Martyria – Martyria (Malignant)
“Martyria aren’t interested in simply recording interesting textures, instead taking listeners to the source through their authentically mystical expression. From its opening bell toll until its last notes fade into the annals of time, this tremendous debut succeeds not only as an incredible amalgamation of ritual ambient and world music, but an exercise in eschatological internalization.” Read the full review here.
Northaunt – Istid III (Glacial Movements)
“Langås has been working these various aspects of his Northaunt sound since the late 90s. Istid III brings the old together with the new in a unique way giving us the best of both worlds. This release is also a step outside the ordinary, as it’s been released through Glacial Movements, a label out of Italy that specializes in various types of polar ambient soundscapes. This should hopefully bring a new group of listeners to the Northaunt sound, as all the die-hard listeners will certainly find their way to his work regardless.” Read the full review here.
Ajna – An Era Of Torment (Reverse Alignment)
“With An Era of Torment, Ajna proves that he is still developing as an artist, each album that comes along shows improvements on techniques and a focus of vision. Much of the music is incredibly subtle, so fans of the more active varieties of dark ambient may not find what they are looking for here. But, if you enjoy artists like Svartsinn, Kave, or Dronny Darko, that create passive, but intricately crafted drone-work, you are likely to find much to love on An Era of Torment.” Read the full review here.
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Matteo Brusa is the man behind the dungeon synth project, Medhelan, and the dark ambient project, La Tredicesima Luna. Hailing from northern Italy, Brusa’s cultural and geographical histories have played a big part in his identity as a musician. I was able to pick Brusa’s mind for this quite extensive interview, which will look into the background of the man, as well as the beginning and future of his musical projects.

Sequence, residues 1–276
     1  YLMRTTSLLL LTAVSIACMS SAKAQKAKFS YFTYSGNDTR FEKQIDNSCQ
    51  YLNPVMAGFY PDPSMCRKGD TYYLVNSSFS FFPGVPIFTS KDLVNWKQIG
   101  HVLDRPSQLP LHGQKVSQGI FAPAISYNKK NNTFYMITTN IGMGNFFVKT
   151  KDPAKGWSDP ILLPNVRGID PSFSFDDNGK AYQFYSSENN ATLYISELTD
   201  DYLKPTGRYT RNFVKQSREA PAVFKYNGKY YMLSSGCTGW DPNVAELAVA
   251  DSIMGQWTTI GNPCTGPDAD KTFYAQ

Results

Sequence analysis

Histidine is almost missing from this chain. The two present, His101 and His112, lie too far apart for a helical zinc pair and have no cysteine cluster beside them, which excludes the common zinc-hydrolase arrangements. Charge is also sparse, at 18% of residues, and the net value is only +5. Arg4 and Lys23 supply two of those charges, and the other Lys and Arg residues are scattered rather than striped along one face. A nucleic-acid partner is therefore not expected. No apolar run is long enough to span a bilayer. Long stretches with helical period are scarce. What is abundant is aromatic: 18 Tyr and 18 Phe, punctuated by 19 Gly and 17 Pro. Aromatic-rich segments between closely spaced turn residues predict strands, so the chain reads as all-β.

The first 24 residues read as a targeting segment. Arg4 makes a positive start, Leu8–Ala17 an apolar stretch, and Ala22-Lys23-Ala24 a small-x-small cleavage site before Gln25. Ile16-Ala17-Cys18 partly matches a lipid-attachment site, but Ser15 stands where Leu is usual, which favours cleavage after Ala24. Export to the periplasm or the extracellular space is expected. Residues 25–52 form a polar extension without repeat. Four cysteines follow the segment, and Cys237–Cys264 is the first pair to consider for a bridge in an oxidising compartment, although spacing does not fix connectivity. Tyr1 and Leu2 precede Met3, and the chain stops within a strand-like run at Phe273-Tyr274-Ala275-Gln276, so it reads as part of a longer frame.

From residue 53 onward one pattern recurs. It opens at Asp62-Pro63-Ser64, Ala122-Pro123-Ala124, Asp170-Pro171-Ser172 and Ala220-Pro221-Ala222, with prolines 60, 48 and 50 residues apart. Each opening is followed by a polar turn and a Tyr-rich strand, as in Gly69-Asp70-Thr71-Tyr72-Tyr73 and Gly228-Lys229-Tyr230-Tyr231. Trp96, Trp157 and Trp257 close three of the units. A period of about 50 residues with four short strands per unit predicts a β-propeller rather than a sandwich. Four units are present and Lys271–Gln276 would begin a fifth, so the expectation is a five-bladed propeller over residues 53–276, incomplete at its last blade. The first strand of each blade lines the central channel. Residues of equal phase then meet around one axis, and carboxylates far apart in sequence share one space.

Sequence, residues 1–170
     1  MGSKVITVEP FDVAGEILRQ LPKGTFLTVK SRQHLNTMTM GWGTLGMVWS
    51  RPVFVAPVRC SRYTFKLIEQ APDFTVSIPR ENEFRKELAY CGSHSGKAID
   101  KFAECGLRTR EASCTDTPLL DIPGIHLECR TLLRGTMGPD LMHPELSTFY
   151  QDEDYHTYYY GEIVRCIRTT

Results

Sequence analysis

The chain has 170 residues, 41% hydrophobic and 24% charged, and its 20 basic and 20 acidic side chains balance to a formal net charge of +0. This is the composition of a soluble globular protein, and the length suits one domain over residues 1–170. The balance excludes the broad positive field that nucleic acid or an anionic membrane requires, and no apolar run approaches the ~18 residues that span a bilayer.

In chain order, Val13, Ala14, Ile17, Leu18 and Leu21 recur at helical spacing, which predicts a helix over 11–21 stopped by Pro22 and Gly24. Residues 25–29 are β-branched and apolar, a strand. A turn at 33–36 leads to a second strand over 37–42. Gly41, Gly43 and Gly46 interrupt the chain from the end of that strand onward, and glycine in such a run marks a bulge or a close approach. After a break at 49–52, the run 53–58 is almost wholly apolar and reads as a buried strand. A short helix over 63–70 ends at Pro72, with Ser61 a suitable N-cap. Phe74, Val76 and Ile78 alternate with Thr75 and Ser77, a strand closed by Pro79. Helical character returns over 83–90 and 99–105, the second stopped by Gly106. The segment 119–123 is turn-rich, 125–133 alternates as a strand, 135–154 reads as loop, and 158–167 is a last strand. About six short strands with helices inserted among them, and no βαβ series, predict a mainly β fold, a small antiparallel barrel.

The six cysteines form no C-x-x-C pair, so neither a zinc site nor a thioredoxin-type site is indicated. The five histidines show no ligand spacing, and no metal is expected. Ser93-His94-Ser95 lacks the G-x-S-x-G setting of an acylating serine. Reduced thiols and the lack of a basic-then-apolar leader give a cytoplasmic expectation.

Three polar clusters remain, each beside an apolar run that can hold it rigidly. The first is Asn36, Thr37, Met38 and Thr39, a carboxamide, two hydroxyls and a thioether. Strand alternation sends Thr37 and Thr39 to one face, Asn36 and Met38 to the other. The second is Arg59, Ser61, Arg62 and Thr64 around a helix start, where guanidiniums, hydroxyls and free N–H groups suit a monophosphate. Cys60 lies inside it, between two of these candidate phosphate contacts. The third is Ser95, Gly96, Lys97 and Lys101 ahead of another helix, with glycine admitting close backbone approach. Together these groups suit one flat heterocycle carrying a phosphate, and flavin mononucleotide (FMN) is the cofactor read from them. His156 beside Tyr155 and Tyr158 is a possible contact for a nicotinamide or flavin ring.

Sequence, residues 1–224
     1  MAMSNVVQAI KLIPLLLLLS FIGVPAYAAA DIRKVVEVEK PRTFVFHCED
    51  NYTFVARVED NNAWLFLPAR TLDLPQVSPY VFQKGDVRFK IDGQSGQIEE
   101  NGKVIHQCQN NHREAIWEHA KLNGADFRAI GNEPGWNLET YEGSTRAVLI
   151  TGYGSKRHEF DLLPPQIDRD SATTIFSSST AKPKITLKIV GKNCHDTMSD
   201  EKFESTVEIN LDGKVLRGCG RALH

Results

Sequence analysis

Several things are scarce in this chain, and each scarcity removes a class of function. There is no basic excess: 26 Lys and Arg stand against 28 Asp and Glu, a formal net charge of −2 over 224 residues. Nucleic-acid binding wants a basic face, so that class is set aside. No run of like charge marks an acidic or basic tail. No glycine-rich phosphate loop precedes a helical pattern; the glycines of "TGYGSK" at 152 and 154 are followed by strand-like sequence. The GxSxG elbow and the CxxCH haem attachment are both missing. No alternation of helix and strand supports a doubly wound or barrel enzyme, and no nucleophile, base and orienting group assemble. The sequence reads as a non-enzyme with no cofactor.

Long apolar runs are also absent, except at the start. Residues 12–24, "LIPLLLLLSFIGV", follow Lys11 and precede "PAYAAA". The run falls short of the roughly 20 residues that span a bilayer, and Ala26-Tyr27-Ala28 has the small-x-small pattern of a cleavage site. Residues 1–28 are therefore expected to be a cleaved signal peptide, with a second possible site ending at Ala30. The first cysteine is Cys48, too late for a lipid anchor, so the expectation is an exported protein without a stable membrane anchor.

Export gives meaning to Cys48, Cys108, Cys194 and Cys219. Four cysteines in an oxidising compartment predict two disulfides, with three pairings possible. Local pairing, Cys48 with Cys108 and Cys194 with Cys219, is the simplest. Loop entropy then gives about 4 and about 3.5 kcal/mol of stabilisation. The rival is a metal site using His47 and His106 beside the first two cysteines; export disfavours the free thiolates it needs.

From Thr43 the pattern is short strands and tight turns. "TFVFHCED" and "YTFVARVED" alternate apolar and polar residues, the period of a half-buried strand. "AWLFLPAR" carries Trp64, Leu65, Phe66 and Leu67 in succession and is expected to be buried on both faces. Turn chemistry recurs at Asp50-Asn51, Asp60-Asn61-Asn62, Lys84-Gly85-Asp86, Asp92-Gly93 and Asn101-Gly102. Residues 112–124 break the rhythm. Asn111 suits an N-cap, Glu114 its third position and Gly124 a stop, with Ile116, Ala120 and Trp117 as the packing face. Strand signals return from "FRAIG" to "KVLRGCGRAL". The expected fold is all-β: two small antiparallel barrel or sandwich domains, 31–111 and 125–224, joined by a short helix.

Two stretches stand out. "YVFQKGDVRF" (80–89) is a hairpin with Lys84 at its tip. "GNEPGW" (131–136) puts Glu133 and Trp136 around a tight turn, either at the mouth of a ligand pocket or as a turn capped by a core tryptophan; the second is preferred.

Michael: What sort of music inspired you to become a musician?
Matteo: I’ve been exposed to several music genres since a very young age, but if I have to name those which most inspired me to become a musician, I’d say classic rock, progressive rock and electronica. I discovered Black Sabbath at age 12 or 13, while Italian 1970s progressive rock is the reason why I picked up bass at age 14. At almost the same time I discovered electronic music from the 90s, especially European trance, minimal techno, downtempo and breakbeat, and developed an interest in electronic music production.
Michael: When you realized you wanted to start making music, how did things evolve leading up to Medhelan and La Tredicesima Luna?
Matteo: As mentioned before, I grew up in a very music-friendly environment. My father was an amateur keyboards player and used to own several different instruments, among which a prized Roland Juno-106 which is now in my care. As a kid I spent a lot of time toying with them and eventually teaching myself how to play a bit of keyboards and some guitar；at age 14 I began studying music theory and bass guitar, and started producing my first raw electronic tracks on a simple tracker software. Since then I’ve tried my hand at several electronic music styles, I’ve played bass in a number of underground bands through the years, and I created my first full-fledged musical project KRiOS, active from 2006 to 2014, which started out as a industrial dark ambient/noise act and eventually grew to encompass all my musical influences, including folk, shoegazing, dreampop and electronica. The major turning point was when I came in contact with extreme metal in my teens: I was particularly impressed by Black Metal, its counter-cultural significance, Weltanschauung and aesthetics, and how these same characteristics were applied to electronic music by the likes of Burzum, Ildjarn, Neptune Towers, Mortiis and Wongraven. Black Metal derived Dungeon Synth and Dark ambient became my genres of choice, those which most resonated with my self, when I felt the urge to create something carrying a deeper, more personal meaning. At that point it wasn’t “just music” to me anymore.
Michael: Outside of music, are there any other things for which you are passionate?
Matteo: I have a solid interest in European history and culture, both ancient and modern, and in metapolitics: I’m intrigued by everything that puts our social, economic and values system, deemed untouchable by most, into question. I highly value doubt and critical thought over given truths and conformity. Moreover, I support any cause that aims at preserving differences and natural diversity over homologation, and as a consequence I’m very passionate about the preservation of rural traditions, folk lore, legends, tales and the gallo-italic native Lombard language of my homeland in northern Italy, all things endangered by the slow destruction of traditional communities and cultural identities.
Michael: How has the history of your particular region affected your way of looking at life?